Orbiting Carbon Observatory
SDL designed, manufactured, and tested the cryogenic subsystem for the three focal plane assemblies of the Orbiting Carbon Observatory (OCO), for the NASA Earth System Science Pathfinder program. SDL was responsible for thermal design and analysis, including temperature‐induced shift; structural design and analysis; contamination analysis; procurement and fabrication; acceptance testing (thermal, structural, optical); and post‐delivery support.
OCO’s three focal plane assemblies are mounted to the cryogenic subsystem, which thermally isolates the focal planes from the instrument and provide a low‐impedance thermal interface to the cryocooler. The hardware meets stringent requirements for stability, temperature, heat flow, contamination, mass, and volume. The flexible thermal link and the FPA carriers were sized to passively maintain two focal planes near 120 K and 180 K.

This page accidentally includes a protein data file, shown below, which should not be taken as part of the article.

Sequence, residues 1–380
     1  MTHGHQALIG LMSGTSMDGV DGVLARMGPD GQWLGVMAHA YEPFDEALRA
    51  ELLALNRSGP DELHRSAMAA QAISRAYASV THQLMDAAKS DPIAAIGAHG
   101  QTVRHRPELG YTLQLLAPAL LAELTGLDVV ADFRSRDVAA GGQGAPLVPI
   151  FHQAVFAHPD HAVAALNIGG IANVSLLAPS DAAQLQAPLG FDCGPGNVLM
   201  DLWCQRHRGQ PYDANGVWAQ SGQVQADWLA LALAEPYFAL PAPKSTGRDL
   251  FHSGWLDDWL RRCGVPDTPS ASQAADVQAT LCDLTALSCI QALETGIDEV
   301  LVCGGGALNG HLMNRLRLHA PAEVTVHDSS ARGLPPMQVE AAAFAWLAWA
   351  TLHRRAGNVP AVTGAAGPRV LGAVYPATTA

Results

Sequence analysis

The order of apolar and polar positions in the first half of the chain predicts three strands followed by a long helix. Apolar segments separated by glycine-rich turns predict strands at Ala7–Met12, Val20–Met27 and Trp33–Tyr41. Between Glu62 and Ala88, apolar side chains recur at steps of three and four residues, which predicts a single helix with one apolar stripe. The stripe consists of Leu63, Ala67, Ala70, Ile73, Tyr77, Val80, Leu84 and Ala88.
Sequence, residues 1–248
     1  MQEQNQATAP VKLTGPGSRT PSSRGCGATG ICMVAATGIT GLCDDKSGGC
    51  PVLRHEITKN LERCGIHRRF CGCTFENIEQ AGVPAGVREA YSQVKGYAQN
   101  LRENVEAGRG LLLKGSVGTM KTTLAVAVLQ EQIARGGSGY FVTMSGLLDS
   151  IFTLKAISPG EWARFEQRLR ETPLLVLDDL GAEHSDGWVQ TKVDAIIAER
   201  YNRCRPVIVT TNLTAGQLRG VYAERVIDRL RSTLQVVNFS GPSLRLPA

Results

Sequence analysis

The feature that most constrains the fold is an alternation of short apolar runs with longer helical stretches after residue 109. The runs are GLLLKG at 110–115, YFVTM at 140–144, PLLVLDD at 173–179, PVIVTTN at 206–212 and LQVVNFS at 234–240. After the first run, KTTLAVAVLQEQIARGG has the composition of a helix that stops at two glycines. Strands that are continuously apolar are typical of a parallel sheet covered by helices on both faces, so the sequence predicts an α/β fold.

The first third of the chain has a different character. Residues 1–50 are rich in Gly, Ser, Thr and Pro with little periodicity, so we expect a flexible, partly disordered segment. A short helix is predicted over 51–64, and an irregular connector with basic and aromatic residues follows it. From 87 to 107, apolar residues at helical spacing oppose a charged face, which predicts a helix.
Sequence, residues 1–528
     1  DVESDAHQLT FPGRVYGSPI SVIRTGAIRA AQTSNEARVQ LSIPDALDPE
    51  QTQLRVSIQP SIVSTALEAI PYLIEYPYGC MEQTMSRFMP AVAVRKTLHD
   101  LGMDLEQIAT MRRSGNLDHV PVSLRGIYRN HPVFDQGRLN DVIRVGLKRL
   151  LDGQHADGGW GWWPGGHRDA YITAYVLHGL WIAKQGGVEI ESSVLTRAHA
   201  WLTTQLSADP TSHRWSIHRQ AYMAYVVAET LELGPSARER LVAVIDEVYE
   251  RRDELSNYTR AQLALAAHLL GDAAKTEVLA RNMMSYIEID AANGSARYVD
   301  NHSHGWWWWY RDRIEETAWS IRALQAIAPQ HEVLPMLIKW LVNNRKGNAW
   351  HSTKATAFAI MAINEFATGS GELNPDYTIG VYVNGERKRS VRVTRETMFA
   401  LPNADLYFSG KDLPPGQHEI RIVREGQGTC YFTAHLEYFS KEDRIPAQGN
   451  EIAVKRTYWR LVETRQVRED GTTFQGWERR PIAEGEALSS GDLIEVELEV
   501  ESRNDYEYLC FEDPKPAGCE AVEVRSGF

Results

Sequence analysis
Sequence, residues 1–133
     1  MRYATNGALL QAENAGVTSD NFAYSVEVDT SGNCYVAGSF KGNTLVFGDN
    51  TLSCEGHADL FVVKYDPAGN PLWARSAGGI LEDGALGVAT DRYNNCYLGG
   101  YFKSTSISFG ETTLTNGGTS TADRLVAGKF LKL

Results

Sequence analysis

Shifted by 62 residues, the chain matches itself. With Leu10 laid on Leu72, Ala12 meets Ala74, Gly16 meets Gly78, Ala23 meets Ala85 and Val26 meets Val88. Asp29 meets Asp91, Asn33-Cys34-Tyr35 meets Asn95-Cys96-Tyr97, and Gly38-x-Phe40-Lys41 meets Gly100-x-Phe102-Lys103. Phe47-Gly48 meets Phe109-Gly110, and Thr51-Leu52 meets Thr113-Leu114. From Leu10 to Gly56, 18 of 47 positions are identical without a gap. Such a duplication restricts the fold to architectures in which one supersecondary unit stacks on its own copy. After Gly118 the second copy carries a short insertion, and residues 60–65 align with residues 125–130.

The original OCO spacecraft was lost in a launch failure in February 2009. SDL provided a build-to-print copy of the cryogenic subsystem for OCO-2, which launched on July 2, 2014. OCO-2 is providing preliminary global maps of carbon dioxide concentrations and a related phenomenon known as solar-induced chlorophyll fluorescence. This data will help scientists better understand how carbon dioxide is distributed around the globe and changes with the seasons. The data will be used to identify the sources and storage places, or sinks, of carbon dioxide, the most significant human-produced greenhouse gas driving global climate change.